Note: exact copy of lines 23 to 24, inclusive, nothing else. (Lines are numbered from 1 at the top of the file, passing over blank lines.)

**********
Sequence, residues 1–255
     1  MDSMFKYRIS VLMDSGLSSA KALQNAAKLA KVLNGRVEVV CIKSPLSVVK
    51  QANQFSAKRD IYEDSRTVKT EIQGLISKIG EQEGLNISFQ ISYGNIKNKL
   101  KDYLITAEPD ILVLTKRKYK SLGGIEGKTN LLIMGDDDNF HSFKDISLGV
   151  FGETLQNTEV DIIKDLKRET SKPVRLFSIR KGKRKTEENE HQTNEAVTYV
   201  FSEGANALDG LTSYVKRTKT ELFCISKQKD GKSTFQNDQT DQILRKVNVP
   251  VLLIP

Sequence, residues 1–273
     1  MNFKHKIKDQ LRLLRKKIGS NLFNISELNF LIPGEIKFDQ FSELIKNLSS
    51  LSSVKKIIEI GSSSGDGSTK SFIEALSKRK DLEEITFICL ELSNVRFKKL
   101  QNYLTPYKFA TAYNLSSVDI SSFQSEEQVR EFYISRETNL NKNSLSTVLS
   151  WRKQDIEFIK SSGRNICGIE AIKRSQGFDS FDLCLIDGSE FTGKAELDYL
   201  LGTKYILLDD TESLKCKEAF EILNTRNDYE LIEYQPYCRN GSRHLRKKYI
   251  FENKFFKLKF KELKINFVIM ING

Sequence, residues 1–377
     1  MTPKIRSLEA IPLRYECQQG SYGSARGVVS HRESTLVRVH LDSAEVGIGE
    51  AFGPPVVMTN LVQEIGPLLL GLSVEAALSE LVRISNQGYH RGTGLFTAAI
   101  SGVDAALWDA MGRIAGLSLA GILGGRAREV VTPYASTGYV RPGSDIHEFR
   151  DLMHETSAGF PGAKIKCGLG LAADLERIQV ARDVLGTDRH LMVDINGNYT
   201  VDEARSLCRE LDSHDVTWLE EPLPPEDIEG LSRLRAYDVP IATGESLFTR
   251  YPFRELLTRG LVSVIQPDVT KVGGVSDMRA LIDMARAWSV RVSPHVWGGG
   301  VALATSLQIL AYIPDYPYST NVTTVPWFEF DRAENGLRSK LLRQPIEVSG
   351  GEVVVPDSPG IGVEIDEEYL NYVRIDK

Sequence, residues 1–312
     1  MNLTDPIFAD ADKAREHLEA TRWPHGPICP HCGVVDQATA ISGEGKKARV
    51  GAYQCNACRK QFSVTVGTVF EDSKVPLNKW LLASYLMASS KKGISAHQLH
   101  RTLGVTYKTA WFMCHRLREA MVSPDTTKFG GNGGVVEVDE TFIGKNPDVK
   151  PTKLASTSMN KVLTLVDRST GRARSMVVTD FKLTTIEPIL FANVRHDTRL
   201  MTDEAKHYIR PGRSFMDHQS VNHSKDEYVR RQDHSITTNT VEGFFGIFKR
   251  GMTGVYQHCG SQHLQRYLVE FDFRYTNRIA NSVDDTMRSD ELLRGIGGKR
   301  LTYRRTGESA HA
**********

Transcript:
   351  GEVVVPDSPG IGVEIDEEYL NYVRIDK

Sequence, residues 1–312